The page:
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'Chelsea were behind Swindon when I arrived' - How Hoddle laid the foundations for Abramovich and Mourinho to build the modern-day Blues

10:12 PM GMT+8 15/11/2021
Glenn Hoddle Roman Abramovich Jose Mourinho Chelsea GFX
The ex-England boss helped lift the Stamford Bridge outfit from mid-table mediocrity into a team set for regular European football in the 1990s

"People say Mourinho and Abramovich moved the goalposts for Chelsea, but it happened before," former Blues star Eddie Newton tells GOAL.

"There’s a guy who doesn’t get the credit he deserves [for Chelsea's rise], and that’s because he did it at the start. That guy is Glenn Hoddle."

Newton, who spent 14 years at Stamford Bridge as a player and coach, was part of Hoddle's Chelsea squad in the 1990s at a time when the team's current riches could barely be imagined.

A bottom-half side at the start of the Premier League era, Hoddle lifted the Blues to a status where they could challenge for trophies and qualify for Europe, laying the foundations for the club's most successful period in its history during the 21st century.

"Chelsea owes a lot to Glenn Hoddle for the success that they are," another of Hoddle's former players at Chelsea, goalkeeper Kevin Hitchcock, tells GOAL.

"He was a leader who was involved in everything, changing even the carpets in the dressing room. He was ahead of his time and changed the club."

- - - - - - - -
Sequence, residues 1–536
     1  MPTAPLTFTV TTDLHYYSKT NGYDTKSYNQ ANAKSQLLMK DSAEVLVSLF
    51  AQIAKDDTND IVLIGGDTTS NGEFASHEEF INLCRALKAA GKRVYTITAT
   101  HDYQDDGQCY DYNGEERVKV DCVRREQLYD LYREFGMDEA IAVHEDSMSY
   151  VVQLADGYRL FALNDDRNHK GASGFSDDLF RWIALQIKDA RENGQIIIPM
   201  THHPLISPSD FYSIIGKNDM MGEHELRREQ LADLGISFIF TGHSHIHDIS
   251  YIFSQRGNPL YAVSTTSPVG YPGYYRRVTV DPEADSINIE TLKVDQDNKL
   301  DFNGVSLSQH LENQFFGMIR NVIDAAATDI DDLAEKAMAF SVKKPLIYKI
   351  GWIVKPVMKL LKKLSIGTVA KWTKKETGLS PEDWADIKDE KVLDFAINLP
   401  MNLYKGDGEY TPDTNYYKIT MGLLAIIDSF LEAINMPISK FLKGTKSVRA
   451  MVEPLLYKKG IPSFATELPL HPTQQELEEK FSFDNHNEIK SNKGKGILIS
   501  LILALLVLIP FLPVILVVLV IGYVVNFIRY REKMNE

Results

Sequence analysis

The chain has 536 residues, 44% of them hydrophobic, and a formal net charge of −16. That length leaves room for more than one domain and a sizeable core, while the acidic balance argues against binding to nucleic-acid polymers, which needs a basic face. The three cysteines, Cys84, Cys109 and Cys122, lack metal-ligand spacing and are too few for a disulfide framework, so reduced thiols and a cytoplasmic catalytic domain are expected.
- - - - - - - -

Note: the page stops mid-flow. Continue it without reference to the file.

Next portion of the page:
It is somewhat ironic that a legendary Tottenham player whose coaching style was heavily influenced by Arsenal icon Arsene Wenger would go onto become such a highly-regarded figure at Chelsea, but that is testament to the work Hoddle did in west London.

Hoddle was appointed player-manager by then-Chelsea owner Ken Bates in 1993 having overseen Swindon Town's unlikely promotion to the top-flight just weeks earlier.

Hoddle had taken what he had learned as a player at Monaco during Wenger's time in charge there and tried to bring it to the English game, though he needed to do much more than just subtley alter the culture upon his arrival at Chelsea.

"Arsene was an eye-opener," Hoddle tells GOAL ahead of the launch of a new BT Sport film about his life in football.

"I learned from his approach on nutrition, training, the organisation of his staff and the clarity of what he wanted from his team.

"It was totally different to England and it was more organised and focused. Every session was like an event to Arsene and it rubbed off on me. I didn't know I would go into coaching before making the move, I just wanted to play for Monaco.

"But Arsene was the one who first spoke to me about going into management, he said he thought I had it in me. He saw that in me before I saw it in myself. I came back and then went to Swindon after and it influenced me in a big way."

On his arrival at Chelsea, Hoddle says: "It was ridiculous! I thought I was going up the ladder coming from Swindon to Chelsea. Chelsea were historically bigger, but facilities-wise, Swindon were ahead. Swindon also had better players, technically and tactically.

"There was nothing there at Chelsea. There was no office, no gym, no food, cold showers. The captain, Dennis Wise, used to bring in biscuits and make cups of tea, that's it. The pitches were small and not great.